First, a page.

After two fights in two weeks that included a short notice UFC debut, a win in that debut, and all the fanfare that followed it, you might think Trey Waters was tired of talking about anything related to prizefighting.
“I'm loving it all,” laughed Waters, who looked like a seasoned Octagon vet in scoring a shutout three-round unanimous decision over Josh Quinlan on April 29. “It's a dream come true. I've been visualizing it for so long. I've been watching the UFC, imagining myself being in there, imagining my last name on the shorts and on the fight kits. And now that it's actually a thing, it's just so surreal. It's hard for me to comprehend it all, to be honest.”
It's real, Mr. Waters. So real that now the 28-year-old from Jacksonville can look at the rest of the welterweight division and begin plotting his own path to the top.
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“It's such an exciting thing,” he said. “It’s similar to what (UFC light heavyweight champion) Jamahal Hill said in an interview that all this time, he just wanted an opportunity. He just wanted to be able to know how good he was, and he wanted to test himself to see for himself. Is he really good enough? And to have that as a reality, it's just unexplainable. I’m so excited to get in here and test myself, especially after fighting Josh, somebody who's such a savage and who’s had a lot of success already at this high level. So it means a lot for me to go in there, have a performance like that against a guy like that and see where that places me now and what is to come.”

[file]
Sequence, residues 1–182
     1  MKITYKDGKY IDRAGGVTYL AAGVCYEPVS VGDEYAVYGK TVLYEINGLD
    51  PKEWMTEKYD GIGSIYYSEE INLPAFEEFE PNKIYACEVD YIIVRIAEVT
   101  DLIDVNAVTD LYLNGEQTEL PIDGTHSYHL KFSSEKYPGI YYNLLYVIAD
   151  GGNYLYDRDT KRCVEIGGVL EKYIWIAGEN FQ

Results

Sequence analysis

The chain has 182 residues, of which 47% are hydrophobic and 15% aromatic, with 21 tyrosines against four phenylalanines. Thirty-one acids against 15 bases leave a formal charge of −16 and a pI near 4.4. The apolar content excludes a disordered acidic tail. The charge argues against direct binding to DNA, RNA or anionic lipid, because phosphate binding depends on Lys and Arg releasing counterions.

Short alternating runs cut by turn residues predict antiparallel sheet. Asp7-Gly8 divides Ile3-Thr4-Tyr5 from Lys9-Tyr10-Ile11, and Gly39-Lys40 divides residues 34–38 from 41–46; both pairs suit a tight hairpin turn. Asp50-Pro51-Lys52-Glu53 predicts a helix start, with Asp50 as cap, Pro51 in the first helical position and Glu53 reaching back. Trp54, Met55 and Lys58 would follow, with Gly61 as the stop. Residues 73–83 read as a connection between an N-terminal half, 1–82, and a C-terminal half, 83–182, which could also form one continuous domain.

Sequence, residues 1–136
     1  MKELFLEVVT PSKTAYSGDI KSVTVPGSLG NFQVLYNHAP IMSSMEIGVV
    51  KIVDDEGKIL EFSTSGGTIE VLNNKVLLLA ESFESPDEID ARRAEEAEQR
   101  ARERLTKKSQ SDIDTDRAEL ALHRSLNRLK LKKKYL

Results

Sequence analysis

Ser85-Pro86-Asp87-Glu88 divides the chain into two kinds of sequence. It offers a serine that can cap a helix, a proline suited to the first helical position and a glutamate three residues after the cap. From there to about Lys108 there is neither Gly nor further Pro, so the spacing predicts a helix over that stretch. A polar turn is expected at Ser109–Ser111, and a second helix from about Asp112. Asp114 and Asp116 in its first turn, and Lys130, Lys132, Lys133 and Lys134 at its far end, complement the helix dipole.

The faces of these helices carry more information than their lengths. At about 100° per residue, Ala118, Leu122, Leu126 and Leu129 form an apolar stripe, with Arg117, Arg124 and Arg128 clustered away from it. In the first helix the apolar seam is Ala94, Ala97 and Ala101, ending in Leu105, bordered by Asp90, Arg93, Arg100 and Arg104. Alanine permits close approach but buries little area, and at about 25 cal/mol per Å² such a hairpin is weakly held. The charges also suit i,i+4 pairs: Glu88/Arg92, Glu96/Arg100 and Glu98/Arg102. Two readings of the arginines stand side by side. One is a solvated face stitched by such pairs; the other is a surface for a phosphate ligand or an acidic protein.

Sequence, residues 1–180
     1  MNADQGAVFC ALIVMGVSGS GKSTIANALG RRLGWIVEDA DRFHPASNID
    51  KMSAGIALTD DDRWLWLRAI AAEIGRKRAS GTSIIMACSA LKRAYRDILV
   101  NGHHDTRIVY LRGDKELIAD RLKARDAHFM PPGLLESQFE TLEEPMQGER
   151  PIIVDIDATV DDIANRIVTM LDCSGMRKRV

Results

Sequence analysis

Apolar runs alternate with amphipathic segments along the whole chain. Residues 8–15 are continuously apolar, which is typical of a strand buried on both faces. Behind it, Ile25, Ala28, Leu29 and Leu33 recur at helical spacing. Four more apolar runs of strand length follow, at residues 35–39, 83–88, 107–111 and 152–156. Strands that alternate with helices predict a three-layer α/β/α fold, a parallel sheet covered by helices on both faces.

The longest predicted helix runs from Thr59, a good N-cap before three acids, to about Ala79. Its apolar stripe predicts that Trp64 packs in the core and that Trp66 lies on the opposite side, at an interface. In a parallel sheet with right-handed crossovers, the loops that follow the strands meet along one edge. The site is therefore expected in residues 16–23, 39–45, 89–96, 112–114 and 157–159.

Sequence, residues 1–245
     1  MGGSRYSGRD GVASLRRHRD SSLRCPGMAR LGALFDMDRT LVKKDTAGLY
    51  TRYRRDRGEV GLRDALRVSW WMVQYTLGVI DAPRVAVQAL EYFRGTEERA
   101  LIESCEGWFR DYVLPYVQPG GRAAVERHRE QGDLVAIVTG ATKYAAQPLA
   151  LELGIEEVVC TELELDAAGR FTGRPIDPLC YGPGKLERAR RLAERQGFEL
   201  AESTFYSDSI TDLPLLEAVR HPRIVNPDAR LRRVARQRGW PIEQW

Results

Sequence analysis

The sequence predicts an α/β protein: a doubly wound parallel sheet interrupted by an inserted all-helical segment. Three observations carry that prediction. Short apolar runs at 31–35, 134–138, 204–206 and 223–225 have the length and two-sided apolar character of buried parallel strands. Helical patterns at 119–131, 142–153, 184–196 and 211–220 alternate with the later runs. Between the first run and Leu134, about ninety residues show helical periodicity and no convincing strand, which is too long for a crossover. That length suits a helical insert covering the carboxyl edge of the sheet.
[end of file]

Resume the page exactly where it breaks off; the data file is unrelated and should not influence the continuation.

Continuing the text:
Waters is in an entirely different world than he was at the beginning of April. Then, he was preparing for his first start since a loss to Gabriel Bonfim on season six of Dana White’s Contender Series last September. That defeat was the first of his pro career, and while he knew he had the potential to compete in the UFC, he knew it was going to take a couple wins to get there.
Or maybe just one.
Waters knocked out Jalin Fuller in the second round of their LFA bout on April 14, then he waited for the next call for the next fight. He didn’t know it would come in the next week. Not that he cared about all the questions about short notice, making weight, the opponent, etc.
“I didn't second guess it once,” Waters said. “I was a hundred percent on board. As soon as my manager hit me up and he was asking about fighting on next Saturday’s UFC, I said, yes, a hundred percent, let's do it. And I got off the phone with him without even asking who it is. So I looked up the card and I see that the only welterweights were Ange Loosa and Josh Quinlan. I'm like, man, I don't care who it is. Either one.”
It was Quinlan, and in stepped Waters to replace Loosa. It turned out to be bad news for Quinlan, as “The Truth” was just that on fight night, using his 6-foot-5-inch frame to control the action from start to finish. It was the kind of UFC debut all newcomers crave, and while he admits with a laugh to now wearing the UFC gear around town, he earned it. Now he’s hungry for more.
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“Man, I really can't wait to get back in there,” he said. “I truly can't.”